I ended up putting it on a little ledge above my kitchen sink.

I wanted my boys to see her every day,

to know that I had put her in a place of prominence.

Because I'd thought {wrongly} that they didn't want the girl toy.

Really I don't think it was meant for them.

It took me a few days before I really looked at her.

To notice the little Lego girl had wings.

Like that of an angel...

And it hit me.

She looked just like her.

Brown hair, pulled back, big brown eyes.

I can't remember how long it took me to tell my husband.

That to me, it was like a sign of some sort.

A little "hey, I'm still here."

He didn't say much when I told him.

He doesn't believe in some things like I do.

Like people still being "around" after they're gone.

He doesn't have to.

I think that enough for both of us.


I will tell you this though...

some time last year

I noticed that the little pink wand was missing.

It may sound goofy but I was upset about it.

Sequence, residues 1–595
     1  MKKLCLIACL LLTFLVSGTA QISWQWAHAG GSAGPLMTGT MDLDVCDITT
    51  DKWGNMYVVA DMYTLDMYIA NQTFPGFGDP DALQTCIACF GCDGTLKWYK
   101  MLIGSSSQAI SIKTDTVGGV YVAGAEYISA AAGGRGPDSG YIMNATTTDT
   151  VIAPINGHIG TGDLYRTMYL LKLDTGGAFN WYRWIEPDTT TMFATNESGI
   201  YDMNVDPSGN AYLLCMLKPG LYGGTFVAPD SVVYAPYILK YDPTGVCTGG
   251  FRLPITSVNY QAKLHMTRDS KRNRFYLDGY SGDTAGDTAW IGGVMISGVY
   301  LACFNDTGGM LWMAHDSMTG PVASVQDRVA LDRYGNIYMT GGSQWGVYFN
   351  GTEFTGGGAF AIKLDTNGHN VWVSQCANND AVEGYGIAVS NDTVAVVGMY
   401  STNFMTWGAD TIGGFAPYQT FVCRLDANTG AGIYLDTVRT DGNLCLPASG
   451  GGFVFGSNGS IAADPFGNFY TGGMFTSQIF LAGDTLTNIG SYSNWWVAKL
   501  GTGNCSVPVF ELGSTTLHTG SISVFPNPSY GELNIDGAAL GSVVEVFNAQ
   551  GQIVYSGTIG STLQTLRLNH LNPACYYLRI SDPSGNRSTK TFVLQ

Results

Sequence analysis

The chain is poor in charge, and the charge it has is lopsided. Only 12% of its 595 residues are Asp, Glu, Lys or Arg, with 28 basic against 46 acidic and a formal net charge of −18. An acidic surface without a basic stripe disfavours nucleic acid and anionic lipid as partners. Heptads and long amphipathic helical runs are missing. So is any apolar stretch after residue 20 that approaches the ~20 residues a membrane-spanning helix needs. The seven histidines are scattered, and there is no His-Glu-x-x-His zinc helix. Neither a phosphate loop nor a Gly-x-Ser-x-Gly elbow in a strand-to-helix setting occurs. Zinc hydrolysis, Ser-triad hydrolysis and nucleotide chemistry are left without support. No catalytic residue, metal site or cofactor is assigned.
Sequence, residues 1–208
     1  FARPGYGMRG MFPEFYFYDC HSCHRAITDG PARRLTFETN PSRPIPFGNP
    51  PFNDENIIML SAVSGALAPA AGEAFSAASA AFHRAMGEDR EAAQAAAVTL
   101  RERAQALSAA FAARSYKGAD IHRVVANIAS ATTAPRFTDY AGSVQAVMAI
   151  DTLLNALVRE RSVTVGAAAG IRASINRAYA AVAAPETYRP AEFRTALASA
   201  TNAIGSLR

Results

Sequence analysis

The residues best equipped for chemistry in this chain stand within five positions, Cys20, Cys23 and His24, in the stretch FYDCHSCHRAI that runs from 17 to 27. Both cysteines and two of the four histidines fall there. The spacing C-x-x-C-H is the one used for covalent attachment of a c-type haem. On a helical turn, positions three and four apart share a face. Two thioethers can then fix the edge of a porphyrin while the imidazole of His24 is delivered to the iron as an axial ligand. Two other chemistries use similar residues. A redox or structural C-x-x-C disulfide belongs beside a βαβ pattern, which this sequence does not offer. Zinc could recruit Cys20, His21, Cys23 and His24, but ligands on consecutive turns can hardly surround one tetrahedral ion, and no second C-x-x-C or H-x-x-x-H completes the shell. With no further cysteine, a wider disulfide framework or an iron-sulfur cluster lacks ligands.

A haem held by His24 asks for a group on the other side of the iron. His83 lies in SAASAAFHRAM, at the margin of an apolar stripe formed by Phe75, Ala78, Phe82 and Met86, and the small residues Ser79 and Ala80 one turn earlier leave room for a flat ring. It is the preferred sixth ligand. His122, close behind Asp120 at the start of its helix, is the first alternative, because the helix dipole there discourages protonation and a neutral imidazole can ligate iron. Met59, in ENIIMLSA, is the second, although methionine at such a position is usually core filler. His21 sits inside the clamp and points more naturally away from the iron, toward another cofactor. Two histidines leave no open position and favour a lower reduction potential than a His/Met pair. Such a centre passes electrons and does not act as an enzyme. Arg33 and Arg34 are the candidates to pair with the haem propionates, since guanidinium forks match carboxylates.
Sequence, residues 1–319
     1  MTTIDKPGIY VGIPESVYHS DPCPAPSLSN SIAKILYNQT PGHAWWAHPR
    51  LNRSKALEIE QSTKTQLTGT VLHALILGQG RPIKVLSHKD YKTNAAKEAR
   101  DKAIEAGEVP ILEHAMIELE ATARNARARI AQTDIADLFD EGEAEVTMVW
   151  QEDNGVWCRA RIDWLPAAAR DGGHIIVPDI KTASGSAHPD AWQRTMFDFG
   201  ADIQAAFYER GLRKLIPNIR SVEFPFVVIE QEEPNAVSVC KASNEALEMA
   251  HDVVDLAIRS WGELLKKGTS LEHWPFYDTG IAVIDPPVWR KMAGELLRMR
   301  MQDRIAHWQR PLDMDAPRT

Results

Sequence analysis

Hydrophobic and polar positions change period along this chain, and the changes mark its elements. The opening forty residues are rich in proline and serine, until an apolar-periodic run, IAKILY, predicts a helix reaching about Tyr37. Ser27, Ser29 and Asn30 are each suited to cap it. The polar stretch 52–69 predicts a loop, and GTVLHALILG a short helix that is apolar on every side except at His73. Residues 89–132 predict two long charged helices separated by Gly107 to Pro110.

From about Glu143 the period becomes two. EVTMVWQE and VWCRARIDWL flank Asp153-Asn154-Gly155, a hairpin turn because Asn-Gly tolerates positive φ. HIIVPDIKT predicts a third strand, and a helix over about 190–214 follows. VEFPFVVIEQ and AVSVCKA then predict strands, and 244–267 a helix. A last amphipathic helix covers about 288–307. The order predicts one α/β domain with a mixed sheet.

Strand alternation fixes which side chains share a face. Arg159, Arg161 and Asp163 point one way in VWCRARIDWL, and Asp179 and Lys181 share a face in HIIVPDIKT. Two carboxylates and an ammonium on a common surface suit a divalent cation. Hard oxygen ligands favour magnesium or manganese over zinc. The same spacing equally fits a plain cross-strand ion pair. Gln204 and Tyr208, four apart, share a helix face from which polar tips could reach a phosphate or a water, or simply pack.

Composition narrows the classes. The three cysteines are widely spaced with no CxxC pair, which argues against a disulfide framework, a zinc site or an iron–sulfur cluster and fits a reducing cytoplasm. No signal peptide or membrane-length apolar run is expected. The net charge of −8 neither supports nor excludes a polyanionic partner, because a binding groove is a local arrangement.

I asked everyone if maybe she had fallen

and if they'd seen it anywhere.

Nobody knew where it went.

It may sound weird but it really upset me.

One day soon after

a package arrived in the mail.

I knew from the return address

that it was from the Lego store.

I admit I rolled my eyes.

I thought for sure my husband had ordered yet another Lego set.

I can't tell you how bad I felt

when I opened it up and out tumbled

a single little pink wand.

He's a keeper, my love of a lifetime.

I see her every day, the little Lego girl.

It makes me think of her...




Life life fully y'all.

Show up.

Be seen.

Dare greatly.